Repo Rates Critical In Determining RBI Policy

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Includes: ICN, INR, UDN, USDU, UUP
by: Dividend Investors

Summary

The Reserve Bank of India is looking to assess effects of repo rate reduction.

Consumer inflation still has potential for increased volatility and lower growth.

Conflicting data could prevent further action and this could generate rallies in USD/IDR.

While reviewing its monetary policy strategies for FY2016-17, the Reserve Bank of India (RBI) reduced the repo rate by 0.25% to 6.50% -- indicating enhanced concerns for domestic consumption and GDP growth over the next six months. The reverse repo rate was increased by 0.25% to 6%, and this indicates commercial banks have been able to borrow money at a cheaper rate from the RBI and lend money at a higher rate.

The rate cut has had a significant impact in different consumer and producer sectors in India. One example here that has been closely watched by the RBI is the rate of retail lending -- especially transactions in home and car loans -- which is now widely expected to see declines. On a positive side, the EMI for home loans amounts to 2.0 million Rupees for 10 years, and this should decline by almost Rs 600 per month (Rs 4800 per year). This goes far to promote home ownership in emerging India and support the broader economy as a whole.

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There are risks, however, and the lower lending rate for banks indicates that deposit rates will be brought down to manage spreads at commercial banks. This also suggests decreased purchasing power for consumers in transactions that depends on the bank deposit rate. On the contrary, people who are going to take retail loans from banks will enjoy higher purchasing power as they have to spend less on interest expenses. So the real question for currency investors is which of these factors is going to have the biggest impact on overall growth levels.

One of the best ways of assessing this is to look at things from the consumer level and in the ability of households to build savings. Small savings schemes like India's Senior Citizens Savings Scheme (SCSC) or the Public Provident Fund (PPF) will need to be assessed in terms of their efficacy when trying to make long-term forecast in the Rupee as an emerging markets currency.

Name of the Scheme

Interest Rate (%)

Limit

Tenure

Senior Citizen's Saving Scheme

9.3

RS 1.5 million

5 years

Sukanya Samriddhi Yojana

9.2

RS 1.5 million

Till girl is 21

NSCs (10 years)

8.9

No Ceiling

10 years

Public Provident Fund (PPF)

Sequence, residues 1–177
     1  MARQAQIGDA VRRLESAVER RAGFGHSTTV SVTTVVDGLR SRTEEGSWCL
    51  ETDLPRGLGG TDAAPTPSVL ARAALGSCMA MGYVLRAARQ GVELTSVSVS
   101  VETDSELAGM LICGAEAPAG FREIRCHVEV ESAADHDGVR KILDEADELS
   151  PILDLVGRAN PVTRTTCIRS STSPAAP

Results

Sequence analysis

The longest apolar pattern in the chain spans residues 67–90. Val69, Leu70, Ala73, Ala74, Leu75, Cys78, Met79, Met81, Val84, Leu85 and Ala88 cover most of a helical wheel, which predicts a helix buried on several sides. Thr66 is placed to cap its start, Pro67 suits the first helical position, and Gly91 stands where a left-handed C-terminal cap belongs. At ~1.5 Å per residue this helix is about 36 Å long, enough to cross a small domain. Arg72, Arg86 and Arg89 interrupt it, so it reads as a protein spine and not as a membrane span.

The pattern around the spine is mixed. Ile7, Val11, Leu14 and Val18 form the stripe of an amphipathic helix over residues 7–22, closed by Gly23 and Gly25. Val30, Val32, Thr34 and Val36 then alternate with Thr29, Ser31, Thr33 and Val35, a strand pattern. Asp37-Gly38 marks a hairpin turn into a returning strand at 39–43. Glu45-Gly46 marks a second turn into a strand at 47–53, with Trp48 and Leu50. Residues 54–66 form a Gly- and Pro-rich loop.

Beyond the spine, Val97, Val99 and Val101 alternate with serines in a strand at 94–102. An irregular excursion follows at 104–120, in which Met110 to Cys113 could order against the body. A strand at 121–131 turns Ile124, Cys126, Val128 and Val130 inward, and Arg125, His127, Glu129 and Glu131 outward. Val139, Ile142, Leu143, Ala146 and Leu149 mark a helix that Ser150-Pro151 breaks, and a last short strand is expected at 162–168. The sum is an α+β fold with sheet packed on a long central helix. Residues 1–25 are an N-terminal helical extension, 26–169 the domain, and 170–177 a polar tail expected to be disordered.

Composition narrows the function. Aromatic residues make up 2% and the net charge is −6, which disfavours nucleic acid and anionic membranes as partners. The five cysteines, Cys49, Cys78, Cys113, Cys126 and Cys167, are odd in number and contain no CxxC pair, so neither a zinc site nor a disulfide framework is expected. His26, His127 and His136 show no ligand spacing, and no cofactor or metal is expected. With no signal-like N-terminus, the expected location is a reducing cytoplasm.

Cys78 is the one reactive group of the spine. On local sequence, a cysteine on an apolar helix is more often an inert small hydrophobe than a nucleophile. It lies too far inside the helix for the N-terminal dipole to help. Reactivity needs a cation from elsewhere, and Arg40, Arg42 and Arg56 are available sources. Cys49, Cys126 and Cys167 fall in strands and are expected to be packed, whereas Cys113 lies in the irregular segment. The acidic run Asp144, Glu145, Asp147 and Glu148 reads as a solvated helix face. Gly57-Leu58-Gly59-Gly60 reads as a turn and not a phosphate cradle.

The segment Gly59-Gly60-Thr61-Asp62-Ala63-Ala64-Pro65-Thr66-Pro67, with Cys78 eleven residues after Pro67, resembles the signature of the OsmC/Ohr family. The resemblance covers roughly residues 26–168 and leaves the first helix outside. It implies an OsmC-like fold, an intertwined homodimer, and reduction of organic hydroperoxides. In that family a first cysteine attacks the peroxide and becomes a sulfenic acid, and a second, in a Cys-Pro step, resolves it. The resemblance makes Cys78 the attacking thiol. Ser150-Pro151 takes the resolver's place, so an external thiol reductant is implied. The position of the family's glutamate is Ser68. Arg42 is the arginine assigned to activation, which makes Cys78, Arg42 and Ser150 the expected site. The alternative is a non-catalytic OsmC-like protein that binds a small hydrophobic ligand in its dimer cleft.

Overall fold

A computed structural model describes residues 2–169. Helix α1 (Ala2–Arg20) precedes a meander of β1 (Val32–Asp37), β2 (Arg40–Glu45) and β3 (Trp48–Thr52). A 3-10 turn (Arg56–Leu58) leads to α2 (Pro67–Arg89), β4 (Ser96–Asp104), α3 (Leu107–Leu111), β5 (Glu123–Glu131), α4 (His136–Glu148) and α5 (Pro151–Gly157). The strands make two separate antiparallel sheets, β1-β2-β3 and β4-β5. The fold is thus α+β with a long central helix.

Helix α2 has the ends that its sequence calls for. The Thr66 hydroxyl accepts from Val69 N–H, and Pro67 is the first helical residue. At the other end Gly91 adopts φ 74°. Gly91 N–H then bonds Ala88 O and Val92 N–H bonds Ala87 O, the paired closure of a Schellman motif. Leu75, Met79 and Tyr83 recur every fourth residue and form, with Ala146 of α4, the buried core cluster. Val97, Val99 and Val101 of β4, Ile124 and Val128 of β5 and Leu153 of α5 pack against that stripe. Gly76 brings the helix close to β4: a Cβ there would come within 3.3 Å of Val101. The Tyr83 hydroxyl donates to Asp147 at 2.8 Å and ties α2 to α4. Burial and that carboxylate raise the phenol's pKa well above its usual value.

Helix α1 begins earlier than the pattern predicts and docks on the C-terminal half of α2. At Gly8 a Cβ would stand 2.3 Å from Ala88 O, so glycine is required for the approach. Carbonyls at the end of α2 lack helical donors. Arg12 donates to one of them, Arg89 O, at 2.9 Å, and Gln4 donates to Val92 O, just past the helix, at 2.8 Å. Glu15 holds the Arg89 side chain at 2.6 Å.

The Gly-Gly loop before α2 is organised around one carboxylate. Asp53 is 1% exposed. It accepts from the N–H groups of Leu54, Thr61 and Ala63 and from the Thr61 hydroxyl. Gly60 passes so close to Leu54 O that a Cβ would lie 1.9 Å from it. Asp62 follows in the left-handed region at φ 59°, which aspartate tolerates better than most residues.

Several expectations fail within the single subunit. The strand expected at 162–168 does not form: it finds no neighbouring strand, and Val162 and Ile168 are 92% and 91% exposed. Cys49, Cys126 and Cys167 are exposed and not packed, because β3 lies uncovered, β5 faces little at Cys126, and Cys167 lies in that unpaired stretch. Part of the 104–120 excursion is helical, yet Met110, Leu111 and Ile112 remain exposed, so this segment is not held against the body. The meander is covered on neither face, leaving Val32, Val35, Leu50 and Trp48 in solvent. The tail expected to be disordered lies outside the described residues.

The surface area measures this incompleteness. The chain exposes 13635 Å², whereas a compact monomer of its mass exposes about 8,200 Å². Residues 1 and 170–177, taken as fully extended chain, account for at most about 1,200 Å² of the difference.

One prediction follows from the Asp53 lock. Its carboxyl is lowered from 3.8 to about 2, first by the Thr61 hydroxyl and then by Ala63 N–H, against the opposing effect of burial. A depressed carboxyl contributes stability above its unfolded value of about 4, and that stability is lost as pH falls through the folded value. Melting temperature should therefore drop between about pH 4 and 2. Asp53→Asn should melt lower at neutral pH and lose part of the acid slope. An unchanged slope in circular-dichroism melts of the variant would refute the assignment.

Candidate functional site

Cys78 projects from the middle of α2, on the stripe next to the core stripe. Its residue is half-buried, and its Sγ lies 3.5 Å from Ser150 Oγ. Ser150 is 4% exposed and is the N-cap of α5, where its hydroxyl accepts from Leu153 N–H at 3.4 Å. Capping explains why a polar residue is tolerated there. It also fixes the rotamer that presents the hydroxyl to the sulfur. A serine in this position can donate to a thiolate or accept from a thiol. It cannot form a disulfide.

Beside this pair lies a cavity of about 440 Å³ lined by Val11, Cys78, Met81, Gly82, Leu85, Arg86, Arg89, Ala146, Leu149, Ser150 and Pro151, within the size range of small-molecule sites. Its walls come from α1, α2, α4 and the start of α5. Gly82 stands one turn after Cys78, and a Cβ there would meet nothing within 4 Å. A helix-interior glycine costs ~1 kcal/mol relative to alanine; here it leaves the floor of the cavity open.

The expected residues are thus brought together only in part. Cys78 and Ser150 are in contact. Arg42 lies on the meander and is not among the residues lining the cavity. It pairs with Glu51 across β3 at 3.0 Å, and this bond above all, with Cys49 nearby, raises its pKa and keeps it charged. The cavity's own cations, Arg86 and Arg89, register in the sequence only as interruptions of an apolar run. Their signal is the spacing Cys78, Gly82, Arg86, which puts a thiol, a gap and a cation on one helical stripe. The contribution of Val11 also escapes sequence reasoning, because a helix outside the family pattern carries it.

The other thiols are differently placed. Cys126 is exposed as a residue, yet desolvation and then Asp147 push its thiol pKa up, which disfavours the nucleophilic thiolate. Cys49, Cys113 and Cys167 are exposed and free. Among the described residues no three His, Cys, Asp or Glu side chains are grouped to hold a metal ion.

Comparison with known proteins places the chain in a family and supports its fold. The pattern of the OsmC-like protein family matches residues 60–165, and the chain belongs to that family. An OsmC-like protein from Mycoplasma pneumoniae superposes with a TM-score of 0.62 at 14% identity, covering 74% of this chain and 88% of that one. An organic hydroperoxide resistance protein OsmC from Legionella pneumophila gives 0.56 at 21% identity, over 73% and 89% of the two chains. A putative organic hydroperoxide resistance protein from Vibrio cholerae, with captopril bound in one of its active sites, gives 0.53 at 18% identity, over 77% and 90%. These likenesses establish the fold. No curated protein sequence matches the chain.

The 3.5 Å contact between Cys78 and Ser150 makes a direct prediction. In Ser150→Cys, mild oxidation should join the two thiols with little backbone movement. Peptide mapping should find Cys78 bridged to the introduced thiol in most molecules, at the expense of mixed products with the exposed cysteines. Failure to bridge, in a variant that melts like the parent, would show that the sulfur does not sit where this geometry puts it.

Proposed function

8.7

No Ceiling

At least 30 months

Post Office Time Deposit

~8.5

No Ceiling

1-5 years

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To this end, the PPF and SCSC have been shown to be good options for household depositors as they offer higher returns than bank rate and generally their rates get fixed, considering the yields of government bond with same maturity period. There are rumors that the government is also seriously thinking about reducing the rates of small savings schemes so the smart money in India finds ways to capitalize on investments in these areas it before it is too late and later rates drop.

Indian investors that rely on long-term investments (i.e., bonds) have been beneficiaries in these situations as their funds' actual returns are higher than returns originally expected. The 125 bps rate reduction by the Reserve Bank of India has been the cause of this enhanced return, and it would be safe to assume that there is almost no chance of further rate cuts by RBI in FY 2016-17.

The repo rate and the reverse repo will continue to be key factors for the Reserve Bank of India in its attempts to control the historically volatile consumer inflation rate. An increase in the repo rate discourages commercial banks in borrow money from a central bank, and ultimately, this reduces the money supply in the economy. The RBI knows that the inflation rate may increase and it predicts these numbers will reach 5% from present 4.31%. When this will be the case is still a matter of debate, so the broader impact of the RBI's decision to decrease the repo rate is yet to be determined. What we do know is that these are special factors that will be closely monitored by the Reserve Bank of India, and any further reluctance to raise rates and show concern for possible inflationary pressures will almost certainly lead to rallies in currency pairs like the USD/IDR.

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I wrote this article myself, and it expresses my own opinions. I am not receiving compensation for it (other than from Seeking Alpha). I have no business relationship with any company whose stock is mentioned in this article.